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Floyd County rejects petition for special election
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Floyd County rejects petition for special election


Despite a warning from their attorney that the county will likely end up in court, the Floyd County Board of Supervisors voted unanimously to reject a local group’s petition asking for a special election.

The group, Coalition for Better County Government, had circulated a petition asking for a special election to determine how the county elects its supervisors. State code allows for several different options, with Floyd County opting for plan "one," which allows all of the county to vote for each supervisor. The coalition's petition asks voters if they'd like to divide the county into three districts, with voters in that district voting only for the supervisor living in that district. That ensures voters in both rural and urban areas are represented on the board, according to the coalition.

To force the issue to go to ballot, the group needs 10 percent of the turnout from the last election, or 809 people, to sign. And those folks need to be registered voters in Floyd County.

On June 1, Gordon Boge, president of the coalition, presented a petition with more than 1,100 signatures. Auditor Gloria Carr, upon the advice of the Iowa Secretary of State's office, deferred formally approving the petition to the county's board of supervisors.

At issue was the fact that the petition question was not listed on every signature page. Under state code, that's a requirement for nomination papers for anyone seeking an elected office. However, the coalition and its attorney, Michael Byrne of Mason City, argued that part of Iowa code, Chapter 45.5, does not apply to petitions for special election. Chapter 331.207 applies to those, and does not require the question appear at the top of every signature page.

Floyd County board meeting

The Floyd County Board of Supervisors and assistant county attorney Randall Tilton listen to a resident speak at a recent meeting.

Assistant County Attorney Randall Tilton told the board there is no state case law that directly applies to Floyd County's situation, but that two similar cases were worthy of note. 

The first was a Supreme Court ruling regarding a petition to amend Iowa City's charter. The court ruled that the petitioners did not need anything more than the petitioners' names, addresses and the date on the petition. Tilton noted this decision came after the Legislature enacted Chapter 45.5.

The second was an attorney general opinion in 1980 issued in regard to a Black Hawk County petition, with the result being the same -- petitioners need only the signature, address and date on the form, Tilton said.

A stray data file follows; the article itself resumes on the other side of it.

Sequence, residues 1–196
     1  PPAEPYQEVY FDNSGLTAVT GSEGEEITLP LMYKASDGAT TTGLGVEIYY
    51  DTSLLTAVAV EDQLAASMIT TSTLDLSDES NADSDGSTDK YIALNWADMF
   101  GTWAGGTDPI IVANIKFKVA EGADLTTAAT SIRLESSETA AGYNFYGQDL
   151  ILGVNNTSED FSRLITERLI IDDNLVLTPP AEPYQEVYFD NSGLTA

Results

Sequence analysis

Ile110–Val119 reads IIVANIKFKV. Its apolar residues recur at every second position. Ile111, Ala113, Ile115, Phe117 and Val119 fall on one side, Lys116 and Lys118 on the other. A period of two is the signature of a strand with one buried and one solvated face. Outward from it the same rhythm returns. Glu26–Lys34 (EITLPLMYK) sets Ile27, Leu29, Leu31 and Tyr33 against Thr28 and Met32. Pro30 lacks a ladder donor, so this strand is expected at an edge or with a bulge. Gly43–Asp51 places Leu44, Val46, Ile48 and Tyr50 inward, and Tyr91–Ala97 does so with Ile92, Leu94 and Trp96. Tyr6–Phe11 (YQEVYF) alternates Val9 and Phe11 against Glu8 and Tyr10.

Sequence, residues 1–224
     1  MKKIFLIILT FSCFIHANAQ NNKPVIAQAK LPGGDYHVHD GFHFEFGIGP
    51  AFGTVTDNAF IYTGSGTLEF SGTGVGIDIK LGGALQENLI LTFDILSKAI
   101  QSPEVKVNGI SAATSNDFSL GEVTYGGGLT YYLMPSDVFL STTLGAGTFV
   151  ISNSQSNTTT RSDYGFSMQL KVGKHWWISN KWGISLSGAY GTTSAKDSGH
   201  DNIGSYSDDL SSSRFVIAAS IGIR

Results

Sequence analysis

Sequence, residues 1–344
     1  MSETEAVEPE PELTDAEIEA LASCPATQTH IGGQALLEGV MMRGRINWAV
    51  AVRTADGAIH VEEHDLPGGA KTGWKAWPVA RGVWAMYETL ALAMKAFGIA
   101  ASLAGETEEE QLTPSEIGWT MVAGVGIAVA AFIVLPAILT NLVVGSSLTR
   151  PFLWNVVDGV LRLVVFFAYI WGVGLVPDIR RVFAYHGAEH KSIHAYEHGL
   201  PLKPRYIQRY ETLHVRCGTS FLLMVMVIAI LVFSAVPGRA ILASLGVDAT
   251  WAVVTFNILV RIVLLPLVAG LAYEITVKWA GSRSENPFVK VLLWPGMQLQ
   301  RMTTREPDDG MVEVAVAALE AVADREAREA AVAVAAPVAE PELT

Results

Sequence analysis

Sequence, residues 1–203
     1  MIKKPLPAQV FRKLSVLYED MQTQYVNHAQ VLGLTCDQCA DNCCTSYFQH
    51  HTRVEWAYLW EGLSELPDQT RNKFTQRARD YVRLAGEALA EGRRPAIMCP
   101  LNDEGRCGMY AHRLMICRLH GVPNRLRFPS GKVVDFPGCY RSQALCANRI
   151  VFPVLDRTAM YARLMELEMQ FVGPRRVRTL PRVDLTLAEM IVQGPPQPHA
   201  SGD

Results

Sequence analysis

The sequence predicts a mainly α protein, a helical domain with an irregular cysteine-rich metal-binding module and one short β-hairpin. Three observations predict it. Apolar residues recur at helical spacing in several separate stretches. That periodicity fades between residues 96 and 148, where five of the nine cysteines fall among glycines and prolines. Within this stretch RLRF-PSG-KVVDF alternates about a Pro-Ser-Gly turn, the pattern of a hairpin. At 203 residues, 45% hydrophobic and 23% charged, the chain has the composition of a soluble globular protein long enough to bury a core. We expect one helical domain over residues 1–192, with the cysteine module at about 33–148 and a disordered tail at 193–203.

He then went a step further, indicating that he had spoken with the coalition's attorney, Byrne, and from that assumed that if the board voted to reject the petition, it would face a lawsuit from the coalition.

Several residents in attendance also spoke up, so much so, that at one point, board chair Tjaden had to repeatedly call for order. 

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One resident wanted to know, "What are you so afraid of?"

Coalition president Boge told the board that it was based on 1,228 signatures (the number of "yes" votes on the bond referendum that exceeded the "no" votes) that board bonded for $13.5 million to construct the law enforcement center. 

When Tjaden and Schwickerath pointed out that they had received calls from residents who claimed they didn't know what they were signing, another resident at the meeting said the $13.5 million bond referendum question wasn't well explained, either, since most residents thought the board couldn't spend more than that on the project. But the board still moved forward on that.

The project's projected costs exceed that number by nearly $5 million.

"Everyone, and I mean everyone, didn't know that," the resident said.

Supervisor Doug Kamm accused the coalition of using bullying tactics to get signatures, saying he was told someone in a white truck drove up to a resident's home, thrust the petition out the window at the resident and told them to sign it. When the resident refused, the person, whom Kamm refused to identify when pressed, "drove off in a huff," he said.

Calling the coalition, "your little group," as he addressed Boge, Kamm also said the group "scared people."

Tjaden and Schwickerath both said they based their vote to reject the petition on the legality of it, contending, despite Tilton's comments, that the petition did need to have the question on every page.

"We have to do it when we turn in nomination papers," Tjaden said. "This would've been a non-issue if you'd worked with the auditor. We need to make sure that we're following all the rules."

After the vote, while leaving the boardroom, Boge told the board they'd see him again, only next time the room would be "much bigger."

Like a courtroom.

The Coalition for Better Government presented its petition for a special election to Floyd County Auditor Gloria Carr on June 1. A heated discussion ensued.


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